It's fair to say that the Central Pacific Railroad was responsible for bringing the country to Winnemucca, and Winnemucca to the rest of the country. The railroad reached the region Sept. 16, 1868, and was officially opened to Winnemucca three weeks later.
Oddly, there was no celebration at the time of the rail's arrival, perhaps because so much more work was ahead as the railroad continued laying tracks on its eastward mission. By November, the railroad was completed through Humboldt County (when, in 1872, Winnemucca would be designated the county seat.) The actual naming of the town came earlier, named after a chief of the Piute tribe.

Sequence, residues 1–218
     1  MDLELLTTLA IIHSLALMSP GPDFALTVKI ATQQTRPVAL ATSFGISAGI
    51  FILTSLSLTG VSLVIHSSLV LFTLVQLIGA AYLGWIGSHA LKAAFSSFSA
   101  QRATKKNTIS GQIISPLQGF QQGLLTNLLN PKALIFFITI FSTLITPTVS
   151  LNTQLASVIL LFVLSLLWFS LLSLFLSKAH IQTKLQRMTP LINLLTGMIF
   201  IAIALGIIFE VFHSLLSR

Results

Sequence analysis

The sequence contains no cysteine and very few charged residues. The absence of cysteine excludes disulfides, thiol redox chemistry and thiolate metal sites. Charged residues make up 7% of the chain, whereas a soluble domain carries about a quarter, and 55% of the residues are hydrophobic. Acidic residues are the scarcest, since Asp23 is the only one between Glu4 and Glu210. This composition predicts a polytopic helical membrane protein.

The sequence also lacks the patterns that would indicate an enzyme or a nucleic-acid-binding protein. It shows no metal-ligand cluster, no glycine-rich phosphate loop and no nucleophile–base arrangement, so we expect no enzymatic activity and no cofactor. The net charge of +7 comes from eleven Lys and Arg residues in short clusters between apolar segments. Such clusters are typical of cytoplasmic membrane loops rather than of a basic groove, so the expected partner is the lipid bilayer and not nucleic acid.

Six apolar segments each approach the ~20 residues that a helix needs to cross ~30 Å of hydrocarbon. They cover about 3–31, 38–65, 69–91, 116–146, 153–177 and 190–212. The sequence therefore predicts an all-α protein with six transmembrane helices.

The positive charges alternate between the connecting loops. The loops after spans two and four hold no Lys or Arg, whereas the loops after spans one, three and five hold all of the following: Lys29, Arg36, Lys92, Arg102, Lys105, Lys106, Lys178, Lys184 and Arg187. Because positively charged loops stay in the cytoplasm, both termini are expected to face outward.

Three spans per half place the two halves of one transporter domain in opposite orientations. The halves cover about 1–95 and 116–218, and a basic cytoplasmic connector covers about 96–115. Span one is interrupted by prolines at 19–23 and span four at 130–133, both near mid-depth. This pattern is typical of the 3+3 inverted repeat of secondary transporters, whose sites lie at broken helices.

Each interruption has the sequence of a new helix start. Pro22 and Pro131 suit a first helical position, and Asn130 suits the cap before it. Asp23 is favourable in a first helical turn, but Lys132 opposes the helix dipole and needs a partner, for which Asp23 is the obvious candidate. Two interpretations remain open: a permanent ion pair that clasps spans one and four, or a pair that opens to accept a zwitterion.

Once the railroad arrived, Winnemucca began to flourish. Charles Crocker, one of the original backers of the Central Pacific, thought it was a good place for the railway to intersect the stage lines that ran both north and south. By 1870, Winnemucca was a modern town, with nearly 300 citizens. It eventually had two hotels, five stores, two stables, two blacksmith shops and a brewery. The town's location — right on the Humboldt River — is nine miles west of the Big Bend, and about 61 miles below the mouth of Reese River. Winnemucca became a depot for trade with neighboring Idaho, and a stage for the mining region that ran through the city.
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